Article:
Overview

Overview

Dyspnea is a common and distressing symptom at the end-of-life in patients with cancer and non-cancer diagnoses and is associated with decreased functionality and poor quality of life.

Definition

The word dyspnea comes the Greek “dys-“, difficulty + “pnoia”, breathing = difficulty breathing.

The American Thoracic Society (ATS) defines dyspnea as “a term used to characterize a subjective experience of breathing discomfort that consists of qualitatively distinct sensations that vary in intensity.”

(American Thoracic Society 1999)

Normal Breathing vs. Dyspneic Breathing

Breathing is a special vital function in that it is involuntary but can be partially controlled voluntarily for a short duration. You can control your breath rate for a short spell, but you cannot make your heart beat faster at will.

Prevalence

 

Dyspnea prevalence of 49.1% in a general cancer population (Dudgeon 2001)

Breathlessness was a complaint at presentation in 60%, and nearly 90% just prior to death, in a cohort of patients with lung cancer (Muers 1993)

Of the patient population with non-cancer terminal illness, dyspnea is a very problematic symptom in patients with end-stage lung disease (both in obstructive and restrictive lung diseases) and in patients with advanced congestive heart failure.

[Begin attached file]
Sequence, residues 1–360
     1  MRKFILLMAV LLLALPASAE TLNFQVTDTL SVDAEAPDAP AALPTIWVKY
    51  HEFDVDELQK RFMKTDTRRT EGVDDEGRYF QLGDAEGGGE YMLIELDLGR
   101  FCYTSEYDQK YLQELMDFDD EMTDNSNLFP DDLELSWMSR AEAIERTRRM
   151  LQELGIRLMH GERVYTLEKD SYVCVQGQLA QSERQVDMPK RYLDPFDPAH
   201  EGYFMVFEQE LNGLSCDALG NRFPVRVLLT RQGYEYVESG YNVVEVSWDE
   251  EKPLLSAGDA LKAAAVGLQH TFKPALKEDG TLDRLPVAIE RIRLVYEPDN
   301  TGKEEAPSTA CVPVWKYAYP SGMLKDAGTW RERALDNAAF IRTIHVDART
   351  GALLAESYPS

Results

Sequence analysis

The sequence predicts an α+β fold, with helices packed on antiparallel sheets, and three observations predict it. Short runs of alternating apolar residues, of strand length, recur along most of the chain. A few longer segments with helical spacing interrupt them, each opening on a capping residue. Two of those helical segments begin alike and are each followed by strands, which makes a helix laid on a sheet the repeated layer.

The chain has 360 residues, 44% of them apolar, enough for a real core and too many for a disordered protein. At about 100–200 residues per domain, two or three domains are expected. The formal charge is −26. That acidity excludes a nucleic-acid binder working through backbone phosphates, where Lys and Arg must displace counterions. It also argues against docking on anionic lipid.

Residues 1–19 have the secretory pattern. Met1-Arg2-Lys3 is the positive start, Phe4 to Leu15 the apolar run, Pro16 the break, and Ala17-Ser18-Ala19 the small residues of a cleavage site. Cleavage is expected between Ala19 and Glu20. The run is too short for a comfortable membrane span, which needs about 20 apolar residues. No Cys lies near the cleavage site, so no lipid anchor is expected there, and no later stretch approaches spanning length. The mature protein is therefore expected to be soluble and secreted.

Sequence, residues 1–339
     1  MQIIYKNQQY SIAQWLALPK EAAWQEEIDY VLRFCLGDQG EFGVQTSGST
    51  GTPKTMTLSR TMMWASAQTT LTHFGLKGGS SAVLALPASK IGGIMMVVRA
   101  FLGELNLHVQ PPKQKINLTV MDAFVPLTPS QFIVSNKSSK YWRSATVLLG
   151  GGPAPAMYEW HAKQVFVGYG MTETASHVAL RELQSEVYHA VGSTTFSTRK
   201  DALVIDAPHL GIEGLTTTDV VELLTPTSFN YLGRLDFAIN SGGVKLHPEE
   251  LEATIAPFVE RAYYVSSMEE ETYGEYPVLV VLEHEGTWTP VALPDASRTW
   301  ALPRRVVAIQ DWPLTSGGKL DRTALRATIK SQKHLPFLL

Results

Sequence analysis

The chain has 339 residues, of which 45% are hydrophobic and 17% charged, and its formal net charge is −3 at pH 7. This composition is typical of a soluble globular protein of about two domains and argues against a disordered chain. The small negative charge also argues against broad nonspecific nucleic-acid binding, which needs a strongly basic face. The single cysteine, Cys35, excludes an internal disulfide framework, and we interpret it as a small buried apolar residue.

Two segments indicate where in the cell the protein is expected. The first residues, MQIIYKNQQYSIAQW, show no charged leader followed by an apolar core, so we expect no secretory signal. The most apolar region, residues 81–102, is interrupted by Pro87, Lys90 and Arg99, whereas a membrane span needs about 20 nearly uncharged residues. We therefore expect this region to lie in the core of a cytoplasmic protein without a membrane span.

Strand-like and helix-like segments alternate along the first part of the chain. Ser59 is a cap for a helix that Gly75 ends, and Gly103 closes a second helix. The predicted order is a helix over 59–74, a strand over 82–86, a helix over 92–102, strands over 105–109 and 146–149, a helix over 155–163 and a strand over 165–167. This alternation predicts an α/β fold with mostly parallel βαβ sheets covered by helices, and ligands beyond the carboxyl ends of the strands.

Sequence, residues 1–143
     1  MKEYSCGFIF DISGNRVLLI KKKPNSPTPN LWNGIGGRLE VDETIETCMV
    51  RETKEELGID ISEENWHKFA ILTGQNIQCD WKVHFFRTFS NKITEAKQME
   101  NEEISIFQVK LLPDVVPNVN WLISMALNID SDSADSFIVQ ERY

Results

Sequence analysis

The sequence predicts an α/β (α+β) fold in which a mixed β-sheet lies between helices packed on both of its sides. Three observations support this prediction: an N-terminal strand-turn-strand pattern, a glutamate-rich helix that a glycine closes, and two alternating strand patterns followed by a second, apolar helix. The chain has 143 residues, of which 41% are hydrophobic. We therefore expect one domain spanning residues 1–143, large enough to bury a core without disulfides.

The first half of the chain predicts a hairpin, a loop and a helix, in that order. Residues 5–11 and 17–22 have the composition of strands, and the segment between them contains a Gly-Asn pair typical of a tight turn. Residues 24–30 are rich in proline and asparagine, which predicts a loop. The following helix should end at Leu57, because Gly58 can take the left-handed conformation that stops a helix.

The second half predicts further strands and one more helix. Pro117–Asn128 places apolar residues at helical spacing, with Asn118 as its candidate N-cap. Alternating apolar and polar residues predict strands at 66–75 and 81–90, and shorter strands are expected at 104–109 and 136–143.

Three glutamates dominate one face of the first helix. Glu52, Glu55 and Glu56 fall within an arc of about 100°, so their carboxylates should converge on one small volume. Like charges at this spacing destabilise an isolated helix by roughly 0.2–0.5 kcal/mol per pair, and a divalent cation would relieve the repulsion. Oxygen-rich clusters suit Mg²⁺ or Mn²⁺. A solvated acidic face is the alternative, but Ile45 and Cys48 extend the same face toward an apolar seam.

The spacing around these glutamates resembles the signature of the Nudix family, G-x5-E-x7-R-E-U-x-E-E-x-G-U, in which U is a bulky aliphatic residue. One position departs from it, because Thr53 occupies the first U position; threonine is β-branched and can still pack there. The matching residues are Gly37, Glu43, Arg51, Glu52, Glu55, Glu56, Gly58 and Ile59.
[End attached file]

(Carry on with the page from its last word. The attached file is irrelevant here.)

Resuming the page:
Consequences

 

Shortness of breath may be of more consequence to dying patients than even pain (Institute of Medicine 1997) (Weiss 2001) (Portenoy 1994).

Dyspnea is associated with decreased quality of life and increased bio-psycho-socio-spiritual distress in patients with advanced illness.

Causes

Dyspnea is often caused by complex interactions between physiological, psychological, social, and environmental factors, and may result in secondary physiological and behavioral responses (American Thoracic Society 1999).

Assessment

Assessing the triggers, intensity, and quality of breathlessness determine treatment options (Portenoy 1994).

Treatment

Treatment goal for dyspnea in palliative care setting is to improve the patient’s quality of life as much as possible until a comfortable death occurs. Treatment options are:

  • Environmental
  • Psychosocial and Interpersonal
  • Rehabilitative
  • Pharmacological
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